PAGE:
"There are many accommodation options available in Playa Jaco. Whether you're looking for a resort, villa, or vacation rental, you can explore options from websites such as Vrbo, Expedia, and Airbnb. Additionally, websites such as Booking.com, Hotels.com, and TripAdvisor provide up-to-date listings of hotels, hostels, and guest houses in the area. Additionally, there are a variety of property and real estate management companies throughout Playa Jaco that will help you find the perfect place to stay," added another expat who made the move to Playa Jaco.

"Our first home in Costa Rica (CR) was strictly by word of mouth. We had lived in the area for a few months and told just as many people we trusted that we were looking. In just a few months time, we looked at many properties. We got to know the area very well by renting so we knew the neighborhoods we liked and knew what a good price was to pay. We were in no hurry as we were renting at the time so we didn't appea anxious or desperate to the seller. The purchasing process was a breeze. After 8 years in that same location and home, we decided we wanted a quieter area and we finally were able to realize our original dream of having a water view property. 17 years total in CR ... it's working for us," explained one expat living in Playa Hermosa de Jaco, Costa Rica.

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What is a typical expat home or apartment like in Playa Jaco?

"A typical expat home or apartment in Playa Jaco will often feature modern, luxurious amenities such as stainless steel appliances, granite countertops, and high-end furniture. There are plenty of new and updated homes and condos available, often with a private pool and terrace. Most buildings or developments also offer a secure environment with 24-hour security, plenty of parking, and on-site amenities such as a gym, pool, and other recreation areas. Many of the homes and apartments also have lawns or gardens to create a pleasant outdoor living environment. Many of the apartments and condos come fully furnished, so it's easy for expats to move in and simply unpack their bags," commented one expat who made the move to Playa Jaco.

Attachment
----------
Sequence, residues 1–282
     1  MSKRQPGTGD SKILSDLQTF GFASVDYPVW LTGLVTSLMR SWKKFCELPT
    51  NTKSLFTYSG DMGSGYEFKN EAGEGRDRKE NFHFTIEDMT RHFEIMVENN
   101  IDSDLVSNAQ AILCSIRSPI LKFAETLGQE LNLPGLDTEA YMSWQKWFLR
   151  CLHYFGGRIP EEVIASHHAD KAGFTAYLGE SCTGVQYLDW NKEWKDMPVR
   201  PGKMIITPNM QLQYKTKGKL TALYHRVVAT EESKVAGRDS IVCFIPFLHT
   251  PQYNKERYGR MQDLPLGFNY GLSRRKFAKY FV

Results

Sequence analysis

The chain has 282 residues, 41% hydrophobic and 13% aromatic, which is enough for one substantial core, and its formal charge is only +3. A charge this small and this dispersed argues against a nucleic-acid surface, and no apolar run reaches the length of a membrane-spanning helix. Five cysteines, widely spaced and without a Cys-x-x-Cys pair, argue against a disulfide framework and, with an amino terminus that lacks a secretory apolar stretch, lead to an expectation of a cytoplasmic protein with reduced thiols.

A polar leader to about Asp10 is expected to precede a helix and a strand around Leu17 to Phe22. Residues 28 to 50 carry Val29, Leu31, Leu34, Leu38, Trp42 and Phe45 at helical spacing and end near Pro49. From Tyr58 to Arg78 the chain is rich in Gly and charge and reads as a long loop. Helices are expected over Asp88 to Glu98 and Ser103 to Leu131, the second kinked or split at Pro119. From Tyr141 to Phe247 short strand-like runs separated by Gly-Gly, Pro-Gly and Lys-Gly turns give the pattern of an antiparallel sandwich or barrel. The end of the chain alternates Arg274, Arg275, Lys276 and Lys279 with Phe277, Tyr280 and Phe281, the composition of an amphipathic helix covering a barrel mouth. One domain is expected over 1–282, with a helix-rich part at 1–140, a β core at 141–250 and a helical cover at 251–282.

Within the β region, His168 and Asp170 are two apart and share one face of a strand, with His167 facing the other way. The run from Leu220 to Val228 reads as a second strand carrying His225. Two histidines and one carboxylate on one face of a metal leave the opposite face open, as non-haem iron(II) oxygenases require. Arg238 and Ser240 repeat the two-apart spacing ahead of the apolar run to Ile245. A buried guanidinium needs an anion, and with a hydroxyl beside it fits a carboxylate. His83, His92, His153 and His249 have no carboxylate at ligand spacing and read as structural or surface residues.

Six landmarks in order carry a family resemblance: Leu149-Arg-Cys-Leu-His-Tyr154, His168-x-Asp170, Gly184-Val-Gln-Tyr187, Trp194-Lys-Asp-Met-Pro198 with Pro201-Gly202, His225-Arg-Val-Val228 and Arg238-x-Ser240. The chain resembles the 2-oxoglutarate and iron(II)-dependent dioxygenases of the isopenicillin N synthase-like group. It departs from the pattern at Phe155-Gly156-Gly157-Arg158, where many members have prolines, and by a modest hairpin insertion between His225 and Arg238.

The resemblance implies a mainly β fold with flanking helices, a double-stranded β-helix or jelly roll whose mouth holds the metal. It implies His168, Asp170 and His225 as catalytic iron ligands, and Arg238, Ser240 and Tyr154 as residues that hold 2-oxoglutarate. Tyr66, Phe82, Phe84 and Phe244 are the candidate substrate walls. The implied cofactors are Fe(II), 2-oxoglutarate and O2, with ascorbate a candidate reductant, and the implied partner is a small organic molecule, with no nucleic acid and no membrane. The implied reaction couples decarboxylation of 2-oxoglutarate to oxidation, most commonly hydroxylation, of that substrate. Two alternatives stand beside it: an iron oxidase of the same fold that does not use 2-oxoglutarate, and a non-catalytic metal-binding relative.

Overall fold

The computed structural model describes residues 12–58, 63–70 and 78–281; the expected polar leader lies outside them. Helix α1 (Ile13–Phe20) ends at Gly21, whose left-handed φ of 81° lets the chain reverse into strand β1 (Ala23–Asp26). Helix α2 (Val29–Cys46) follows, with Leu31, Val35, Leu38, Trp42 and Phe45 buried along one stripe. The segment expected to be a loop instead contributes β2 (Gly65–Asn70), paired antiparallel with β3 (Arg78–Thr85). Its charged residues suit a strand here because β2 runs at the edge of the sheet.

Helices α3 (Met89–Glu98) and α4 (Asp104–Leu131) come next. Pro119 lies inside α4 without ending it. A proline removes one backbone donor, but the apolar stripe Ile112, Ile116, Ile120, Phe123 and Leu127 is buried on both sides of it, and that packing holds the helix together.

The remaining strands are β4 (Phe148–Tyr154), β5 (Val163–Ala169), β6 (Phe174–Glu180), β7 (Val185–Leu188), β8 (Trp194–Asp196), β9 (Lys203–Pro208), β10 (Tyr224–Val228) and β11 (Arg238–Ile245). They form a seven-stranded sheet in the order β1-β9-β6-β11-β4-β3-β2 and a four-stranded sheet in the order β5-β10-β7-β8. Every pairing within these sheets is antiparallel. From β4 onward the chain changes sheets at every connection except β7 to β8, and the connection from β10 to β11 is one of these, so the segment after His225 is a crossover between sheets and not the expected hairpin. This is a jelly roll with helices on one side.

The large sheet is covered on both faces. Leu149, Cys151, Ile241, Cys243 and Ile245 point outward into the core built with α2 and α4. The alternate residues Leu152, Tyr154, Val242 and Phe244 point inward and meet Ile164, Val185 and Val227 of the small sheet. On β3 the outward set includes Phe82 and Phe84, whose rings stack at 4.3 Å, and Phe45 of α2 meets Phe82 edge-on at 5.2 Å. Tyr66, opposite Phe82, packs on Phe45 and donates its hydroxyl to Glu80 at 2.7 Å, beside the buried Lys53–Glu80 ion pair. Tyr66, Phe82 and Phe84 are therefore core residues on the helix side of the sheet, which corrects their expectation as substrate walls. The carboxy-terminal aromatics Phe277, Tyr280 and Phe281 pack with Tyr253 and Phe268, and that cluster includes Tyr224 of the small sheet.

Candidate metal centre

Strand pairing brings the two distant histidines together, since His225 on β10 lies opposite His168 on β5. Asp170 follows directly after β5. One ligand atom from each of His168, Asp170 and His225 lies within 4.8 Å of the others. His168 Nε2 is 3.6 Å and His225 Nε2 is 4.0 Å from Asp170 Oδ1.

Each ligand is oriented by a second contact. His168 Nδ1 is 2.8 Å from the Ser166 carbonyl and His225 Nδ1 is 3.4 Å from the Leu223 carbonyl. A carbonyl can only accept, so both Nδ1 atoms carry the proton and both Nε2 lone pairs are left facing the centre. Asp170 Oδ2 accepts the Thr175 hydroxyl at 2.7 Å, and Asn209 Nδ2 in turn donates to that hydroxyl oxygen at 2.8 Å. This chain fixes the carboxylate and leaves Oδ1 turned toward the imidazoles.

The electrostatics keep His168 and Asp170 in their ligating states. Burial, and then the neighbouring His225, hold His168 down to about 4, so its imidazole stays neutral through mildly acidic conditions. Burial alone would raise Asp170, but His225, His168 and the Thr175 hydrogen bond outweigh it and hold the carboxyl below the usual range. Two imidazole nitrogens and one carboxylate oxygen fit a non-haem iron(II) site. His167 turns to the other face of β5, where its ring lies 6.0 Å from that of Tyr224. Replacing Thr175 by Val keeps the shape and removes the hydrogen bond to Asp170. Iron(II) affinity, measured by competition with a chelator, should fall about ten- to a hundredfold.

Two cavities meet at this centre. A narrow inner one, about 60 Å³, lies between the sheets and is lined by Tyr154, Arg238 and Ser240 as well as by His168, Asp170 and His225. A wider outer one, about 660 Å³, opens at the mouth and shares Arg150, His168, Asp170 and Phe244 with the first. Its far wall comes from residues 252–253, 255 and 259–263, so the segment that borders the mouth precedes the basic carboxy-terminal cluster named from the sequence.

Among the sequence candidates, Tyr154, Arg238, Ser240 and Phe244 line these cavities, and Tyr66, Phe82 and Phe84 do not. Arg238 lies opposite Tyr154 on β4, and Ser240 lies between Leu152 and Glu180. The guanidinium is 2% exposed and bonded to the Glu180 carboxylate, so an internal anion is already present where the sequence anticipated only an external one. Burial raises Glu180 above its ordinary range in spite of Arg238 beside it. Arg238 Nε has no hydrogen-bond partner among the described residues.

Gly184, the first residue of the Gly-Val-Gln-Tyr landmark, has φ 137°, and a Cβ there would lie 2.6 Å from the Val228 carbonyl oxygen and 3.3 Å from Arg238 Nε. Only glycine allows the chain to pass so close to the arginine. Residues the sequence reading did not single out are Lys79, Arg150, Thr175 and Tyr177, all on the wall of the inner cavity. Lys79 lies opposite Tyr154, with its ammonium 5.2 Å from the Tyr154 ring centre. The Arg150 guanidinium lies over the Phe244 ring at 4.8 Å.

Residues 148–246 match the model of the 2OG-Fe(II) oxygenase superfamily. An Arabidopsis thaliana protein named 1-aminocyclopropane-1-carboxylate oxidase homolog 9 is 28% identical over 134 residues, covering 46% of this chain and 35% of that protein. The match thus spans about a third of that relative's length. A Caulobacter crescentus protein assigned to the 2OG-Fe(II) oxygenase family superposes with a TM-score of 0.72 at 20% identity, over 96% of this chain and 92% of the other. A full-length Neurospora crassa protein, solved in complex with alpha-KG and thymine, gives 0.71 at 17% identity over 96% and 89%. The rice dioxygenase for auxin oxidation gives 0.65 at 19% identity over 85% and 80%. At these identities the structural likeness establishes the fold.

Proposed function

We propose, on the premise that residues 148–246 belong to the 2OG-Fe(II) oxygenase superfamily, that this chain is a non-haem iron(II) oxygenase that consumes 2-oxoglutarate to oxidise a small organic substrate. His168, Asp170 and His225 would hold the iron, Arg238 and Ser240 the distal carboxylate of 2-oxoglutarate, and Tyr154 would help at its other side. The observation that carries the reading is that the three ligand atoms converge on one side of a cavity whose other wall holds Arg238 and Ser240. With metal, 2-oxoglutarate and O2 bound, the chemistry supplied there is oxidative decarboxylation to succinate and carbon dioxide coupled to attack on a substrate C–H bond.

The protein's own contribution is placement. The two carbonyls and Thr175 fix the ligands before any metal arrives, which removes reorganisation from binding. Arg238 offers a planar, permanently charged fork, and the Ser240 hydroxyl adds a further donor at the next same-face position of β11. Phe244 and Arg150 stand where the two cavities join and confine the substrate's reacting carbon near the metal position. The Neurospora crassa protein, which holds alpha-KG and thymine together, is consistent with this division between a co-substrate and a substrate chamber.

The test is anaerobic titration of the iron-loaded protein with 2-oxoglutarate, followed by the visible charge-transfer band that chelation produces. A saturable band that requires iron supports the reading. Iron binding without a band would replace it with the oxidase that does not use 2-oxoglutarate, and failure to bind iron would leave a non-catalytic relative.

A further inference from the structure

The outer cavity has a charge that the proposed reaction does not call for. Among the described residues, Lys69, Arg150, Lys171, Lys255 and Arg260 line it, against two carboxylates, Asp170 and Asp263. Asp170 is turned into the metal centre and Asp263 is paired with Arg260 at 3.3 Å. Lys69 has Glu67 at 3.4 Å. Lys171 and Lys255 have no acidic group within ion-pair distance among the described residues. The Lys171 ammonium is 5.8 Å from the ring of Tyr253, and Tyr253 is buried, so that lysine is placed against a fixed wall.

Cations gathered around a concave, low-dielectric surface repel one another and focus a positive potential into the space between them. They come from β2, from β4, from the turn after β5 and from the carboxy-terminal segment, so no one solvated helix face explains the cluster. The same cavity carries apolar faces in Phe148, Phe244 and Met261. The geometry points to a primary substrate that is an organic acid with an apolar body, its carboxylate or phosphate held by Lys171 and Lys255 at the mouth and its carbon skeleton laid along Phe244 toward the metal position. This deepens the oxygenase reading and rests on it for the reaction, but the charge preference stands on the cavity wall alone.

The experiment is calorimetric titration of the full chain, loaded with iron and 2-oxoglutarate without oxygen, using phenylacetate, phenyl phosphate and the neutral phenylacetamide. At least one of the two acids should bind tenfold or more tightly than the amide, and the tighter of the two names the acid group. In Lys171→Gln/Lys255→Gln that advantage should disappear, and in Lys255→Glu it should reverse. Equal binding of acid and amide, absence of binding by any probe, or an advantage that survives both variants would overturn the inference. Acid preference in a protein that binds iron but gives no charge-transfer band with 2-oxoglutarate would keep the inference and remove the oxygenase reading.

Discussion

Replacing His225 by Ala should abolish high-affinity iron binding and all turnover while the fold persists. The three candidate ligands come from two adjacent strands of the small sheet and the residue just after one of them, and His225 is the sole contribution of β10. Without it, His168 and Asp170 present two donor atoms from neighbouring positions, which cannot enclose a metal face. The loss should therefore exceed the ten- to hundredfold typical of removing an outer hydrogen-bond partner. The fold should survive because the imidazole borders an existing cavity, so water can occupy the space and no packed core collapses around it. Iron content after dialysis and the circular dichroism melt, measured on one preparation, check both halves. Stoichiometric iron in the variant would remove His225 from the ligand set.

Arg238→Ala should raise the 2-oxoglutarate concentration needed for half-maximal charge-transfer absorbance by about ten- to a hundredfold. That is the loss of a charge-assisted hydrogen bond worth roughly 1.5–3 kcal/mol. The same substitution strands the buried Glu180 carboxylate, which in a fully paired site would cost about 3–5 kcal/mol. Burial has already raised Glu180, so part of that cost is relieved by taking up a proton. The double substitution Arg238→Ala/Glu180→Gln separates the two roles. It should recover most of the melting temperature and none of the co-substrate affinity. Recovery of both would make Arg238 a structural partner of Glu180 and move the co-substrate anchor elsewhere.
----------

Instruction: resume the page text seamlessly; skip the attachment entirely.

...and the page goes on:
"We live in single family home in a remote and mountainous area. The other homes in the neighborhood are the same. However, the beach closest to us is primarily condos due to the proximity to the water. Being a popular beach town, the condos are privately owned and very popular seasonal rentals," remarked another expat in Playa Hermosa de Jaco, Costa Rica.

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What is the average cost of housing in Playa Jaco?

If you are thinking about moving to Playa Jaco, cost of living in probably a key consideration. Expats commented about the cost of housing:

"The average cost of housing in Playa Jaco varies depending on the type and location of the property. Generally speaking, accommodation in Playa Jaco can range from budget-friendly hostels and apartments to luxury villas, condos and beachfront homes," added another expat who made the move to Playa Jaco.